Project selection is always one item that opens up discussions from different professionals. There are plenty of tools and techniques out there that aims to have a scientific approach to this process. It is a subject that I personally am interested in. In my current role, I work with share holders, senior executives and decision makers to ensure that a strategy is in place. My contribution is facilitate this activity to all of them and make it smooth, enjoyable and facts driven.
Companies are different. Even when they deliver the same product or service, they still are different. That is because the context of an organisation plays an important role. What works for one organisation does not necessarily works for another. That is why Context is core competency in the frame work of the Chartered Quality Institute for Quality Professionals. Project Management Institute covers stakeholders management in depth as a key knowledge area in the frame work. Understanding your stakeholders Power and Influence will help you understand the organisational context, and thus choose an approach that would work best.
There are several ways an organisation can select a project. By that we are not talking about that “Here, you have a project to work on” kind of conversation that a manager has with their team members. This is about a properly defined project that will have an impact with its deliverables. It is about transforming an idea into potential reality.
So according to Kathy Schwalbe’s book “An Introduction to Project Management”, there are 5 different ways projects can be selected. But before this step takes place, organisations should have a clearly defined strategy on what they want to achieve. Strategic planning could be the result of a SWOT analysis. The strategy defines the end game of that company in the next year, three of five.
On a very smaller scale, you decide you want to go on holidays, then you start looking for destinations, and book your logistics (flights and hotels). You do not book a random flight ticket to a city and then decide, let me see if these dates/ times suit me. If this is the type of city I want to travel to.
Taking this context to a larger scale, it is important that organisation know what they want to achieve in order to process. In this case, on the assumption that a strategy is established, top management come to the stage to operationalising the strategy. Projects have to be selected, defined and work has to commence to make this strategy a success.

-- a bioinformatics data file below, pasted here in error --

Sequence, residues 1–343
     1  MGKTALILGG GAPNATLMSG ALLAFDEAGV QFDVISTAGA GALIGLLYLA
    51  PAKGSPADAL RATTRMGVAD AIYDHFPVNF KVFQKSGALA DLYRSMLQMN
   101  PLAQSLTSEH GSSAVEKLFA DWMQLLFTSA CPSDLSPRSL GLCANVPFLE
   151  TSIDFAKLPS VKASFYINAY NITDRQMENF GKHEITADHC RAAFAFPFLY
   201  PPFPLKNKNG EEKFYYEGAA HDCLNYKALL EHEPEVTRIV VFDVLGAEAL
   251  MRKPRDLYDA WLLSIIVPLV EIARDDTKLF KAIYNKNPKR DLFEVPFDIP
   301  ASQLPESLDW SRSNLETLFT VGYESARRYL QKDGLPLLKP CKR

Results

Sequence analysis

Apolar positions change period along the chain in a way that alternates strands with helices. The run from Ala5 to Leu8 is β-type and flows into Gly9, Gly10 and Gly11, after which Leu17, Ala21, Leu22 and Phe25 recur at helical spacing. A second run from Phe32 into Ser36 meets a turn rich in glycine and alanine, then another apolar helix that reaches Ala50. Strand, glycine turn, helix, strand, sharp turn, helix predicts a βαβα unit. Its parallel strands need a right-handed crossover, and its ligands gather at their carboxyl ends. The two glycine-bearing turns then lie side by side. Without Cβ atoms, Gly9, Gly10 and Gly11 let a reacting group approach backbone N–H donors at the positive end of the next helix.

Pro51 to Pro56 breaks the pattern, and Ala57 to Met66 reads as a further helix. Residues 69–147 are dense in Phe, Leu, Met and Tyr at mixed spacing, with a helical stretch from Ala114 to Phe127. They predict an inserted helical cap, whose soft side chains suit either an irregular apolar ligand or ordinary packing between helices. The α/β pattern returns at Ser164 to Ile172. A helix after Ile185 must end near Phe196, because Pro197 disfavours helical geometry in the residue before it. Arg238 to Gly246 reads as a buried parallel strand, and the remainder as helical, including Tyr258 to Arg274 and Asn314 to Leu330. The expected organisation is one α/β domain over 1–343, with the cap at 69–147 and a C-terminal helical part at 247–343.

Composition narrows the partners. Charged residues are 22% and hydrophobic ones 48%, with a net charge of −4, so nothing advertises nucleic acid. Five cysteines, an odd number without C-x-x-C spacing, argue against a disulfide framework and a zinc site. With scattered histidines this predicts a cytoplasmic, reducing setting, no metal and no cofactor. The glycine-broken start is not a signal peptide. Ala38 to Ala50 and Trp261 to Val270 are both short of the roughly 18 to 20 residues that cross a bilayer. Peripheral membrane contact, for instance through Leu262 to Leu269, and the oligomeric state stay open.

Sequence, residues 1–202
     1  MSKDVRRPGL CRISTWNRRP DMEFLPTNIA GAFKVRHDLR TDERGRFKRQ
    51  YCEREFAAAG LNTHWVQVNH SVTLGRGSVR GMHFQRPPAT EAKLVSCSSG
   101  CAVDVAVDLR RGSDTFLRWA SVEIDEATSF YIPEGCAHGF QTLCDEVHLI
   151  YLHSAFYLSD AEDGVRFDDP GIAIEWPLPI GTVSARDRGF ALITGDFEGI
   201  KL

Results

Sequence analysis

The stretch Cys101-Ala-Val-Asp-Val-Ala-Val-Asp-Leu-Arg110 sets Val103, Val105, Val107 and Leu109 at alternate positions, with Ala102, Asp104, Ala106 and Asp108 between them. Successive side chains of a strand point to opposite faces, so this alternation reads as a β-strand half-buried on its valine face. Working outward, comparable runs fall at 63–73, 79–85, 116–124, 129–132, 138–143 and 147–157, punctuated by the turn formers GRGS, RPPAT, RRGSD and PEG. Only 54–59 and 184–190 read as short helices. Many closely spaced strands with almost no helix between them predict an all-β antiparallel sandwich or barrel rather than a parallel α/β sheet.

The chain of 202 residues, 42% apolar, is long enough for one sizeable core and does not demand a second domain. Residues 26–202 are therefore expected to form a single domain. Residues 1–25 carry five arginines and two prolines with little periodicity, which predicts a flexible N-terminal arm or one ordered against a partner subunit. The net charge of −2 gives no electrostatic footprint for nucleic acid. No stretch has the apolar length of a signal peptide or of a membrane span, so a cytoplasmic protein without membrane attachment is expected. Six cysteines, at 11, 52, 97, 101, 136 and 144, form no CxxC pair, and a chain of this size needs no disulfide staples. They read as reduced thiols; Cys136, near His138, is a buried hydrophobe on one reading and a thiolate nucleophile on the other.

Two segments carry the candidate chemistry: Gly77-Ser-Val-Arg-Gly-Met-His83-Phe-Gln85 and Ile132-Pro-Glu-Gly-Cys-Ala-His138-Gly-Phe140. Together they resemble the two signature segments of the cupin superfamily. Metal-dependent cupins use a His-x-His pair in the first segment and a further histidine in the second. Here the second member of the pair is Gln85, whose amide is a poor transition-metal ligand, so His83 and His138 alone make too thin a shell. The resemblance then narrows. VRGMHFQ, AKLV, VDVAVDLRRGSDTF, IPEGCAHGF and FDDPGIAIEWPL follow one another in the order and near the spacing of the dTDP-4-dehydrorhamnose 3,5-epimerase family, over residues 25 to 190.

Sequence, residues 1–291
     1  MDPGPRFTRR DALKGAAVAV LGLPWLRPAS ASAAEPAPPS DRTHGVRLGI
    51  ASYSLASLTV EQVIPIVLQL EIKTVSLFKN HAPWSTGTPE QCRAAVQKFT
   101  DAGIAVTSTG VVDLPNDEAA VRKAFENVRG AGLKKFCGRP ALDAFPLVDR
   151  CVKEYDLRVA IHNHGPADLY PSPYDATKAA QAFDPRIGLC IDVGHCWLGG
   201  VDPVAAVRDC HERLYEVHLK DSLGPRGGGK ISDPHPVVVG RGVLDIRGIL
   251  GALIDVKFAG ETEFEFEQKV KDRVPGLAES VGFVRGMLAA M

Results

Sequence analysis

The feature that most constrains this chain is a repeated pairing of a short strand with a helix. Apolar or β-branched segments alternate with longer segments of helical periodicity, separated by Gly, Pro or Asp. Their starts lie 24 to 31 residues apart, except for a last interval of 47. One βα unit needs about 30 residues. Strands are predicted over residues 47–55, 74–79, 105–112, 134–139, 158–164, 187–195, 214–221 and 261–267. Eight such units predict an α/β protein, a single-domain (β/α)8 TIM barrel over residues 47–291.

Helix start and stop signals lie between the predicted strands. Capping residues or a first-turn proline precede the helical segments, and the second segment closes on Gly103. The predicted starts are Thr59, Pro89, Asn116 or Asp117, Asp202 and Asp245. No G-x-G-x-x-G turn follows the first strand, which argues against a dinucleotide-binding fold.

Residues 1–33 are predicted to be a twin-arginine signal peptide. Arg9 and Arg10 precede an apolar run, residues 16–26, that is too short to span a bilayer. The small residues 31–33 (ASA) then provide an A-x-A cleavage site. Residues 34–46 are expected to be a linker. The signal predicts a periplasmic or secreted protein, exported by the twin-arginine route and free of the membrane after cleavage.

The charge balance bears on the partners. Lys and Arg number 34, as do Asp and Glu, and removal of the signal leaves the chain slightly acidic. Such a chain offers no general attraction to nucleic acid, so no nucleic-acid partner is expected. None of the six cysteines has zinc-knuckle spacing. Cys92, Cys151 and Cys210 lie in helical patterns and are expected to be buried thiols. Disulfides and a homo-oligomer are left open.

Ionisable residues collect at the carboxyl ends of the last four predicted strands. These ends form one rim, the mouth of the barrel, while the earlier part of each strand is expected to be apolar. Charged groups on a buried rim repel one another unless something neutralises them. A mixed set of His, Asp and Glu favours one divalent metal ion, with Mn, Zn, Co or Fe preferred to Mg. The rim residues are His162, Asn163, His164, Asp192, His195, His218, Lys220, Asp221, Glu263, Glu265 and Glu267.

Here are 4 of the 5 different methods that organisations can follow according:
- Focusing on Competitive Strategy:
This approach points out that an organisation would choose projects that will attract customers primarily based on products and services. The focus is to develop those products based on a particular market niche. For this to move forward there has to be a broad organisational consensus. Management agree that this is a feasible project and funds will be made available.
- Performing Financial analysis:
This approach tends to be the most “scientific” method. Scientific being used loosely here. This mainly because all the selection criteria are based on future assumptions all together. So there is so much science that can be put into it. But when you speak to the financial benefit, any stakeholder would give you the attention you need. This is company money that will be invested after all. There are several calculations and approaches to follow: Net Present Value, Payback analysis and Return on Investment. The one I am most comfortable to work with is the Return on Investment (ROI).
Return on Investment basically lets you measure how much will you get out of what you spent. So when you have a list of projects you want to select from (assuming they all fit within your strategy), you can apply the ROI approach.
How long will this project take> How much will resources cost? what is the benefit at the end of this project? how much will money will I make out of selling this product / service? how much efficiency will there be when the project completes? will there be any cost savings? If you answer all of these questions and relate them to how much the overall project will cost, you will be able to see which project will give you the most return on investment and then select accordingly.
- Weighted scoring model:
This method is what I refer to it as the most engaging method with your stakeholders. Going through an organisation’s strategy is a very serious matter, but that does not mean it should be a boring matter. This model is about asking all Top Management to select criteria on which projects will be scored.
Currently, I am working with our executives to agree on the criteria. This could like:
Process Improve-ment Quick release to customer Employee Engagement Compliance
In this scenario, the project you would select is project #2. With this approach the Portfolio Manager, or whoever is facilitating the strategy set up in the organisation must be very careful setting up the criteria in a balanced way to avoid bias while scoring.
- Implement Balanced score card:
This method is used to combine financial with non financial measures to a strategy. What it normally aims at is to change the organisational value drivers into financial factors. The major pillars are financials, Customer perspective, Employee Perspective and Learning & Growth. Here is an interesting article:
Published by Harvard Business Review, 2007 hbr.org
Are you involved in project selection in your organisation? I would like to hear from you. Get in touch or leave a comment.